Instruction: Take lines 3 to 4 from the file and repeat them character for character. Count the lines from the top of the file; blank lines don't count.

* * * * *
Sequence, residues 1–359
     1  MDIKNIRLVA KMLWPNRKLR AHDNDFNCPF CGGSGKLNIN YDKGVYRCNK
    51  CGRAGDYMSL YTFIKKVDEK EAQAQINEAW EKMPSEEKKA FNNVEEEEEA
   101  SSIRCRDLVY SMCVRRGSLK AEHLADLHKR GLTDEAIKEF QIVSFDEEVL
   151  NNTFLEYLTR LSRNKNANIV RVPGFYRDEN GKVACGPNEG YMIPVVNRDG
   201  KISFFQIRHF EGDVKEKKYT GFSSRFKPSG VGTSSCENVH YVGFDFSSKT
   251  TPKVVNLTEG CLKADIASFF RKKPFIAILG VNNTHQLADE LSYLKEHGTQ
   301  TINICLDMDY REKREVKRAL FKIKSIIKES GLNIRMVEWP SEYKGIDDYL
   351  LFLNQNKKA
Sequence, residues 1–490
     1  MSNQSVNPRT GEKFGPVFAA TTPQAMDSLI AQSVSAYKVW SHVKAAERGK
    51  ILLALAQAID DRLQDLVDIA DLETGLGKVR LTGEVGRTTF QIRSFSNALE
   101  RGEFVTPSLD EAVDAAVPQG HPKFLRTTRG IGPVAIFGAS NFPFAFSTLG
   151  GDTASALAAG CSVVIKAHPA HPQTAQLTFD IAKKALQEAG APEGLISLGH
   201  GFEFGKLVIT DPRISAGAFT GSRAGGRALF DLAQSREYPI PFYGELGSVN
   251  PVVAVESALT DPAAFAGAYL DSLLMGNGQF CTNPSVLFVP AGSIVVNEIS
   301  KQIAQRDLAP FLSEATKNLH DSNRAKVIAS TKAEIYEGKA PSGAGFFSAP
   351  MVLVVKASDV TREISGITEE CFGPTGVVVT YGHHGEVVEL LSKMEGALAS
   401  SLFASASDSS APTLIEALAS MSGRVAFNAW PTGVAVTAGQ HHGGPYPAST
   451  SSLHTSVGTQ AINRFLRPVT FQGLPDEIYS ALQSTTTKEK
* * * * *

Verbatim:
    51  CGRAGDYMSL YTFIKKVDEK EAQAQINEAW EKMPSEEKKA FNNVEEEEEA
   101  SSIRCRDLVY SMCVRRGSLK AEHLADLHKR GLTDEAIKEF QIVSFDEEVL